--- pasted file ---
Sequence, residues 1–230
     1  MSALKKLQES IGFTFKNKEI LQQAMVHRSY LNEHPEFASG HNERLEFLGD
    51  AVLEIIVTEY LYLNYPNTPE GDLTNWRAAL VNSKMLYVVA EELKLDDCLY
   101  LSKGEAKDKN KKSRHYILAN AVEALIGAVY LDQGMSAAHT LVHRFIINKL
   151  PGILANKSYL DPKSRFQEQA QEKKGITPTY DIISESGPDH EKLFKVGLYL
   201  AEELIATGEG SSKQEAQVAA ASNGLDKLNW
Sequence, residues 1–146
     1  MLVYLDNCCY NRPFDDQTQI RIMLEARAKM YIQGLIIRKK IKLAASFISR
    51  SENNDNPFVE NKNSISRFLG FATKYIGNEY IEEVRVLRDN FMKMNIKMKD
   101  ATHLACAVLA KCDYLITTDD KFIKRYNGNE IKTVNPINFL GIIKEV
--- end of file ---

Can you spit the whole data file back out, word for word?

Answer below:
Sequence, residues 1–230
     1  MSALKKLQES IGFTFKNKEI LQQAMVHRSY LNEHPEFASG HNERLEFLGD
    51  AVLEIIVTEY LYLNYPNTPE GDLTNWRAAL VNSKMLYVVA EELKLDDCLY
   101  LSKGEAKDKN KKSRHYILAN AVEALIGAVY LDQGMSAAHT LVHRFIINKL
   151  PGILANKSYL DPKSRFQEQA QEKKGITPTY DIISESGPDH EKLFKVGLYL
   201  AEELIATGEG SSKQEAQVAA ASNGLDKLNW
Sequence, residues 1–146
     1  MLVYLDNCCY NRPFDDQTQI RIMLEARAKM YIQGLIIRKK IKLAASFISR
    51  SENNDNPFVE NKNSISRFLG FATKYIGNEY IEEVRVLRDN FMKMNIKMKD
   101  ATHLACAVLA KCDYLITTDD KFIKRYNGNE IKTVNPINFL GIIKEV